The First Circuit has issued a warning to Plaintiffs: Be choosy about who represents you, as your attorneys’ actions (or inactions) can bind you; “better late than never” is a phrase that does not apply to the filing of civil actions.
A physician suffering from a degenerative condition reduced her workload to part time and was frequently absent. After her employer denied her request for 45 days of sick leave pursuant to its “Advanced Non-Occupational Sick Leave,” policy, she filed a complaint with the local agency, which was referred to the EEOC. Prior to filing a civil action for alleged violations of the Americans with Disability Act (ADA), plaintiffs must file an administrative charge with the EEOC. The EEOC can issue a right-to-sue letter on its own initiative or at the complaining party’s request. Once the right-to-sue is issued, a plaintiff has 90 days to file a civil action in court. Failure to do so results in the claim being time-barred.
In this case, the EEOC issued a right-to-sue letter on its own initiative in May 2009. The plaintiff, however, did not file a civil action until September 2009. When the employer argued that the lawsuit was time-barred, its former employee responded by stating that she did not receive the right-to-sue letter until September 2009 and that the 90-day period did not start to run until the notice was received. The federal district court did not agree with the plaintiff and declared her ADA claim untimely. The First Circuit Court of Appeals agreed, as it was undisputed that the notice had been mailed to the plaintiff and her attorney at the same time, there was no evidence that the attorney did not receive the notice shortly after it had been mailed and, yet, a civil action was not timely filed. In summary, notice to plaintiff’s attorney was notice to the plaintiff. She was precluded from pursing her ADA claim. Loubriel v. Fondo Del Seguro Del Estado, No. 11-1555 (First Cir. September 21, 2012)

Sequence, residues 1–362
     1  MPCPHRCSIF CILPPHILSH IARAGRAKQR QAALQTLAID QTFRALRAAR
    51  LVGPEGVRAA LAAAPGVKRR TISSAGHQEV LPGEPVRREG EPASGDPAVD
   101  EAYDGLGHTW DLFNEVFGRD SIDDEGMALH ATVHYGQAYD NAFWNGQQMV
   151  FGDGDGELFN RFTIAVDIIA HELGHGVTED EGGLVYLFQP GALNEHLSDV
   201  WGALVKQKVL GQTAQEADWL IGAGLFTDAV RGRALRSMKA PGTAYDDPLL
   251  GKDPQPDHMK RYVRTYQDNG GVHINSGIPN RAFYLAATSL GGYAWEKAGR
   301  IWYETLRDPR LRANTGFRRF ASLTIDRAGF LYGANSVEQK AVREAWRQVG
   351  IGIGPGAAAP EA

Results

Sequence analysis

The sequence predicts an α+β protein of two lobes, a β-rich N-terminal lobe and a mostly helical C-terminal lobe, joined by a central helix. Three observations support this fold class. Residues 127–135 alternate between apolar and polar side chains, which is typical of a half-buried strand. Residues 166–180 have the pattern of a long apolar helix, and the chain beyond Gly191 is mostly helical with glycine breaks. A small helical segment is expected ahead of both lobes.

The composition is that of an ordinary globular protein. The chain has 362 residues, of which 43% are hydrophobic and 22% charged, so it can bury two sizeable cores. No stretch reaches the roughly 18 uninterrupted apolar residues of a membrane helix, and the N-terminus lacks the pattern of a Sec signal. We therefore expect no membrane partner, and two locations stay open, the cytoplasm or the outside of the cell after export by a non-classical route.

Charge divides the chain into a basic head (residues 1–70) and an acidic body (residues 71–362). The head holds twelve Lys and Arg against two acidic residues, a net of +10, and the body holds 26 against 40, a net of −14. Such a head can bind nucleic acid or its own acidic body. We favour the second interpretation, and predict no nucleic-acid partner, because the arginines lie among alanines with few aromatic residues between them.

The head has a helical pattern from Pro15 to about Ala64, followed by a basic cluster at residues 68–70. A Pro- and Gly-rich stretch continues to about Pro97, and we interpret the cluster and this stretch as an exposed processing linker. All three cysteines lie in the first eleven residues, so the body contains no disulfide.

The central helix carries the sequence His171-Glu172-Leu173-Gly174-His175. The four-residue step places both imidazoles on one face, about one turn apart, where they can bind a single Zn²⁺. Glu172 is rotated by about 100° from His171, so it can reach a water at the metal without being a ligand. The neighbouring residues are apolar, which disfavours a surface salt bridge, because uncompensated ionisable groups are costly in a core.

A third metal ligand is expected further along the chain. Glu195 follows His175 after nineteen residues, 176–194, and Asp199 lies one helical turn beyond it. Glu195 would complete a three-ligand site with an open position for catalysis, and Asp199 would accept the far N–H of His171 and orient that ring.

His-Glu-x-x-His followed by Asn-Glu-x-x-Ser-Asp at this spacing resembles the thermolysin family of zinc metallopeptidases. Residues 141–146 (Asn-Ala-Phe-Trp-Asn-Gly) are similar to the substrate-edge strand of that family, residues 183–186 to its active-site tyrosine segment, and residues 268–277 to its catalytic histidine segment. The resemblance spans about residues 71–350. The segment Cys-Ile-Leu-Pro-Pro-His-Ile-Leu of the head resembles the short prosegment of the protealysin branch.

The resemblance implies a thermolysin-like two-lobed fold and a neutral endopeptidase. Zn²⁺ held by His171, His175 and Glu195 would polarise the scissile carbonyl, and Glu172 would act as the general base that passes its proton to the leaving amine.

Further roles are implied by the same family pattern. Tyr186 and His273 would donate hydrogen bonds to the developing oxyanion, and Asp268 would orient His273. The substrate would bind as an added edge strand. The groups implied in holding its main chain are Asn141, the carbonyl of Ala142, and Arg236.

While cases in which an attorney misses the deadline to file a lawsuit are rare, this case reminds us of employers’ frequent misunderstandings about filing deadlines. In Massachusetts, many disability discrimination charges are filed with the Massachusetts Commission Against Discrimination, which deems them dually filed with the EEOC. State law disability discrimination claims have a three-year statute of limitations, and when the three year mark passes, employers often breathe a sigh of relief that they will not end up in court with the employee. However, employers often forget that the three-year rule does not apply to federal discrimination claims, and a complaining party has 90 days from whenever the EEOC issues a right to sue letter to file a federal discrimination claim, such as an ADA claim. While employers may have to sweat it a lot longer than they think, they can find solace in the hope that employees’ attorneys are asleep at the wheel.